Blass and Hofmeyer Policy Paper

Amy Blass & Wendy Hofmeyer

Policy Paper

MRSA is a Stapholococcus aureus bacteria that is resistant to commonly used antibiotics, such as methicillin, and may cause many different types of infections throughout the body (2). MRSA outbreaks usually were associated with health care institutions, but now they are emerging as a cause of skin infections in the community setting (4). Due to the fact that MRSA is resistant to many commonly used antibiotics it is imperative to prevent the spread of disease. Recent data has provided evidence to show Americans go to the Doctor around 12 million times a year to be tested for MRSA (2). Severe MRSA infections are preferably treated through intravenous therapy causing increased health care costs due to more hospital bills acquired by the patient (5). MRSA is a threat to many kinds of athletes because it is spread through direct contact between two people, or through sharing of the same piece of athletic equipment (1). Athletes are at increased risk of acquiring this disease because they commonly share items/surfaces that come into direct contact, and are more susceptible to breaks in the skin causing excellent portals of entry for bacteria (1).

Our policy is going to be enforced hoping the number of cases of MRSA infections declines, and thus decreases health care costs and worries among patients
A) This policy calls for high schools in the state of Iowa to start a program requiring all athletes to wipe down their weight lifting equipment after single person use. In order for this policy to be enforced there must be a coach in the weight room at all times, during open hours of the facility to watch for the disinfectant of the equipment. Each coach will be responsible only for his or her own team. After each coach’s shift they must sign out providing evidence of how many of their athletes failed to comply with the new program.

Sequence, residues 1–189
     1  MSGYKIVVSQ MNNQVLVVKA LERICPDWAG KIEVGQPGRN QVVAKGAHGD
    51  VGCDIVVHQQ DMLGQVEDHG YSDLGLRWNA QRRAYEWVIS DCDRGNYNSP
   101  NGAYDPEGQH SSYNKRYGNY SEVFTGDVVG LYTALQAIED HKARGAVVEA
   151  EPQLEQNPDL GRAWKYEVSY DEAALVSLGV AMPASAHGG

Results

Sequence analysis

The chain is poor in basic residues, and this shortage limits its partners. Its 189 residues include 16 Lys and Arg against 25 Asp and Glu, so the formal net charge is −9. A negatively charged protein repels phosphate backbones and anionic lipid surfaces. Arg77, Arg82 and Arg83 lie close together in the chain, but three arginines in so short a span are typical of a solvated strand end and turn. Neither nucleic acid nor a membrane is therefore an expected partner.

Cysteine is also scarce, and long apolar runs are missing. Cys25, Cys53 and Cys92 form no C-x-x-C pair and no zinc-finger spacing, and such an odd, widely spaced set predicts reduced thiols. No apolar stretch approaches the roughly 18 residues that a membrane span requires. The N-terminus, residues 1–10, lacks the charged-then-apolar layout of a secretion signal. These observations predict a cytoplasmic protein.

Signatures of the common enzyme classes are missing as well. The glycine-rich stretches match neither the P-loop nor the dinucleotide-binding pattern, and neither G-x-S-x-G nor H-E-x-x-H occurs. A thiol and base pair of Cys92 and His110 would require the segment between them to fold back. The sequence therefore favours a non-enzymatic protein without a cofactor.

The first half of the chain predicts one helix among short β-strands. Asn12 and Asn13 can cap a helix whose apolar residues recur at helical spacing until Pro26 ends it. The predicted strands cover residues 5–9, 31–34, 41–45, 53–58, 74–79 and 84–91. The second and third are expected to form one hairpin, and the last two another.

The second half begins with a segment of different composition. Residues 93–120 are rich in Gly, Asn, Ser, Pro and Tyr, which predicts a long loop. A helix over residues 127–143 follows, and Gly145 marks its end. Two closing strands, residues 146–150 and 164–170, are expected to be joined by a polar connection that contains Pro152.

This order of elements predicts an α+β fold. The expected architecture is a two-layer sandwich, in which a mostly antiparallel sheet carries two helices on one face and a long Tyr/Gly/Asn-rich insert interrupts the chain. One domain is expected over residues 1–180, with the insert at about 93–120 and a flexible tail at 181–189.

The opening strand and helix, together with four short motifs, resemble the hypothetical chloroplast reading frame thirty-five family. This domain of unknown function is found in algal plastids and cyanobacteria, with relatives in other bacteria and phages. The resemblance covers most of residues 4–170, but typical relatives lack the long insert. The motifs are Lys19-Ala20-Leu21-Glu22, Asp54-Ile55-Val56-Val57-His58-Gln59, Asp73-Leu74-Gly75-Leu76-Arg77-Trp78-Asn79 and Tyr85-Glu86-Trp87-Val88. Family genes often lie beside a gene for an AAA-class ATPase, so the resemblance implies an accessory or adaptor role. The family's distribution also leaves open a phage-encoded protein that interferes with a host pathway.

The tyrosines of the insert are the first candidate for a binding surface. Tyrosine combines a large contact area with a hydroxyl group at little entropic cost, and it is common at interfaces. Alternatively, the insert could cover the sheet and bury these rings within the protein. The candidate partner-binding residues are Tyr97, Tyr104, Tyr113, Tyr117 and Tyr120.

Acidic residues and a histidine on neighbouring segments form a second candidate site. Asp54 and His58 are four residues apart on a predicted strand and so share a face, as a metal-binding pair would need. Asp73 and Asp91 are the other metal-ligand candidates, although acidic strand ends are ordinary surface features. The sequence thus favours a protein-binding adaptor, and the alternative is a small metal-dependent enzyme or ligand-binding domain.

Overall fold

B) The CDC recommends using Clorox liquid bleach for disinfectant purposes. The disinfectant solution recommended is a 1:10 ratio of bleach to water (6). Our plan includes using a 96 oz. just of Clorox liquid bleach, with the prediction that each school will use 5 jugs a year. One 96 oz. jug costs $3.49 at Wal-mart making a running total of $17.49/year for each school.
C) If an athlete fails to clean his/her weights after each use the coach will implement a one-week suspension from the weight room facility. Each team accomplishing this task for one full month of weight room use will be rewarded with a day off from practice.
D) The cost of this program would merely include the cost of disinfectants and towels used, and would be covered under the government funding provided to each high school by the state. The disinfectants used will be products containing what is needed for the destruction of MRSA and are registered by the EPA (3).

Some people may try to argue the enforcement plan for this policy is not strict enough and it will never work. Our hope is for coaches to have enough passion for their sport that they will not want to skip a day of practice, thus they will make sure they keep a close watch to see equipment getting cleaned. If it did not the coach would end up not losing a day of practice and so he will strive to make sure the truth is put forth for this program. Another argument might be that schools, especially in smaller towns, do not have the kind of funding to pay for this policy implementation. Each student involved in athletics will cover the policy cost. Each student will pay a small additional charge to their athletic fees to cover the disinfectants. A third argument towards our policy could be that it is corrosive to the equipment with an end result of needing new equipment. Clorox liquid bleach, as seen on the label, contains a corrosion inhibitor protecting the equipment. Our policy should still be enforced even with these arguments because without it there is even less of a chance the equipment will be cleaned and more of a chance of MRSA being spread. The benefits of this policy would be much too great to not even give it a shot. Student athletes would stay healthier, the spread of MRSA would be prevented, and health care costs for the individual would be contained.

1) “About Methicillin-Resistant Staphylococcus Aureus (MRSA) Among Athletes” Nov. 2008. Center for Disease Control and Prevention. 20 September 2009.
2) “National MRSA Education Initiative: Preventing MRSA Skin Infections” Sept. 2008. Center for Disease Control and Prevention. 20 September 2009.
3) “Environment Management of Staph and MRSA in Community Settings” July 2008. Center for Disease control and Prevention. 20 September 2009.
4) “Methicillin-Resistant Staphylococcus Aureus Infections Among Competitive Sports Participants —- Colorado, Indiana, Pennsylvania, and Los Angeles County, 2000-2003” Aug 2003. Center for Disease Control and Prevention. 21 September 2009.
5) “Methicillin-Resistant Staphylococcus Aureus (MRSA) Information for Clinicians” Sept 2005. Center for Disease Control and Prevention. 21 September 2009.
6) “Comprehensive Procedures for Collecting Environmental Samples for Culturing Bacillus Anthracis” April 2002. Center for Disease Control and Prevention. 28 September 2009.
7) Wal-mart

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